Pegu Club (cocktail)

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Pegu Club
Type Cocktail
Primary alcohol by volume
Served shaken
Standard garnish

lime twist

Standard drinkware
Cocktail Glass (Martini).svg
Cocktail glass
Commonly used ingredients
  • 1 1/2 ounces gin[1]
  • 3/4 ounce orange curaçao
  • 1 teaspoon lime juice
  • Dash bitters
  • Dash orange bitters
Preparation Shake ingredients together in a mixer with crushed ice. Strain into chilled glass, garnish and serve.

The Pegu Club or the Pegu is a gin-based cocktail that was the signature drink of Burma's Pegu Club.[2] The club was located just outside Rangoon, and its membership comprised only foreigners, who were senior government and military officials and prominent businessmen.[3] The recipe appeared in the Savoy Cocktail Book of 1930 by Harry Craddock and was called The Pegu Club Cocktail. However, it appears to be first listed in "Barflies and Cocktails" by Harry McElhone of the famous Harry's New York Bar in Paris. The Pegu is a Burmese river.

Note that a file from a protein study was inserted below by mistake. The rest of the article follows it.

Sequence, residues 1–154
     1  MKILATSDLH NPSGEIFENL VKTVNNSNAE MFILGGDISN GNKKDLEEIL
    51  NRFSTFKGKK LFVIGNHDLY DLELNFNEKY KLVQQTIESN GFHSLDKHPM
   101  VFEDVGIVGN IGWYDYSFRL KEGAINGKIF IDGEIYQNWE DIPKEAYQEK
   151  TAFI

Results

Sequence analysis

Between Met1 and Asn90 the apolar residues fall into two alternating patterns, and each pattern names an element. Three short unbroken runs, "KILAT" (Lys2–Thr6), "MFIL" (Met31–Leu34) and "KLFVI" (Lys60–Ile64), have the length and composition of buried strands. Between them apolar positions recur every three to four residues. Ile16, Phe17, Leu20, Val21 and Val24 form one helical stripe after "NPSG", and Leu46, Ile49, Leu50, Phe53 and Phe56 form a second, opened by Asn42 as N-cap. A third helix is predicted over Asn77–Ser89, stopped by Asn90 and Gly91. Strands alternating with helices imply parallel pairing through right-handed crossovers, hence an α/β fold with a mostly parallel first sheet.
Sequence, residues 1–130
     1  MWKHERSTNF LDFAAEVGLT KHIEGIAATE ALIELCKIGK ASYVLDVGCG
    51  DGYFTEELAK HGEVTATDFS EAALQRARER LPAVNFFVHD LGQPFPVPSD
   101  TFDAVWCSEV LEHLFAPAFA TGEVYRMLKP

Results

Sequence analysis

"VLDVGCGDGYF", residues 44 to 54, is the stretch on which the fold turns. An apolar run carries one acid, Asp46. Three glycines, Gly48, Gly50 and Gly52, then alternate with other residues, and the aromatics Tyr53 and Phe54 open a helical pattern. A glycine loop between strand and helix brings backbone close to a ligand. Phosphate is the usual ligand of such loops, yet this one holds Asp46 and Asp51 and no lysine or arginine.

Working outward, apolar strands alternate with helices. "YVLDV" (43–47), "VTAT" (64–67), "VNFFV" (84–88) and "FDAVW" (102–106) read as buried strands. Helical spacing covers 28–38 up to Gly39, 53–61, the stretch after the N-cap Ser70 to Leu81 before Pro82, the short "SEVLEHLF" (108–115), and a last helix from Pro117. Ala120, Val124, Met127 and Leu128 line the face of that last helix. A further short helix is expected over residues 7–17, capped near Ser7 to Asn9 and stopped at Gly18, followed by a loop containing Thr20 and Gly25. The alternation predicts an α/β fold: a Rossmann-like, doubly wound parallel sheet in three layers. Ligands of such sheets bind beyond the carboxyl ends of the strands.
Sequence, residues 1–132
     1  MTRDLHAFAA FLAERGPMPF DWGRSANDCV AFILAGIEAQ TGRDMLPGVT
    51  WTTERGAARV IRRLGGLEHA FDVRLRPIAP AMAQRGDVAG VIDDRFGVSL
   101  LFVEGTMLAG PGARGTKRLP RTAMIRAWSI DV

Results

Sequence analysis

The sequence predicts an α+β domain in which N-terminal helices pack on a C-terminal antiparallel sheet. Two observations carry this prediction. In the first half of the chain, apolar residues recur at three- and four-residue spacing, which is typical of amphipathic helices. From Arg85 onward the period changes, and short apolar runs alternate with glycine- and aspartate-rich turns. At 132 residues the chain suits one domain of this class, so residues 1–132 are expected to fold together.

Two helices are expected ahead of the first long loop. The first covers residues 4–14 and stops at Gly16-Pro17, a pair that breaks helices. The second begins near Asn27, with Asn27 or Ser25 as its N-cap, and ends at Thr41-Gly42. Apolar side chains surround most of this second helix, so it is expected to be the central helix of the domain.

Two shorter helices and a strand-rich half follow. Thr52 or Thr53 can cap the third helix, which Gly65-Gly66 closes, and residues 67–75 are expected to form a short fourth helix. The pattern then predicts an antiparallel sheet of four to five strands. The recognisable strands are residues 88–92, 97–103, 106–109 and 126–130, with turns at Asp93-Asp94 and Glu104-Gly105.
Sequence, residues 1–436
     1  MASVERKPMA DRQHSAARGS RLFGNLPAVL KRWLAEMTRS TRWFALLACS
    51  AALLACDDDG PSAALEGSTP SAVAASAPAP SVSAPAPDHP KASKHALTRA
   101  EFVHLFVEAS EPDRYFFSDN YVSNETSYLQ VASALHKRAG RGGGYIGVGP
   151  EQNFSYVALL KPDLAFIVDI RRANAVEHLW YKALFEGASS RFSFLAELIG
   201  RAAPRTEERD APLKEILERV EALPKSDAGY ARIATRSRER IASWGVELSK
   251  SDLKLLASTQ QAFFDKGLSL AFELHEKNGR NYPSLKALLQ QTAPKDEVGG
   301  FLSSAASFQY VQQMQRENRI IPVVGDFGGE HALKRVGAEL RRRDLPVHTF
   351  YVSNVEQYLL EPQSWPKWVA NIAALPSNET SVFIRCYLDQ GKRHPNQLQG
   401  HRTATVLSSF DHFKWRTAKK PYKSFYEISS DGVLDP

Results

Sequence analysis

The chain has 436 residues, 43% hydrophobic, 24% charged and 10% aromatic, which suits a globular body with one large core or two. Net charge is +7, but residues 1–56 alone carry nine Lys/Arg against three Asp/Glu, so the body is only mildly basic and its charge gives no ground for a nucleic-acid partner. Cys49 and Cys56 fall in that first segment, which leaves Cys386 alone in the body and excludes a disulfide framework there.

The Pegu Club is best served in a chilled glass and is considered a hot weather drink. Its taste is reminiscent of grapefruit and some bartenders will garnish it with a twist of grapefruit peel or slice of fresh grapefruit, although it is commonly served with a slice of lime to complement the lime juice in the drink.

The Pegu Cocktail has all but disappeared from memory in present-day Myanmar, however there has been a resurgence in awareness and availability due to tourism. A version of the cocktail is served at the Governor's Residence Hotel and the historic Strand Hotel in Yangon, as well as the Road to Mandalay, which is an Orient Express cruise boat on the Irrawaddy River. It is also served at the L. A. Athletic Club's 100 year old Invention bar.


  1. ^ Anthony Dias Blue, The Complete Book of Mixed Drinks (HarperCollins, 2011)
  2. ^ Ti Adelaide Martin, Lally Brennan, Tim Trapolin, In the Land of Cocktails: Recipes and Adventures from the Cocktail Chicks (HarperCollins, 2007), 58
  3. ^ Thant Myint-U, The River of Lost Footsteps: A Personal History of Burma (Farrar, Straus and Giroux, 2006), 190
  • Ted Haigh, Vintage Spirits and Forgotten Cocktails: From the Alamagoozlum to the Zombie (Quarry Books, 2009), pp. 226ff.

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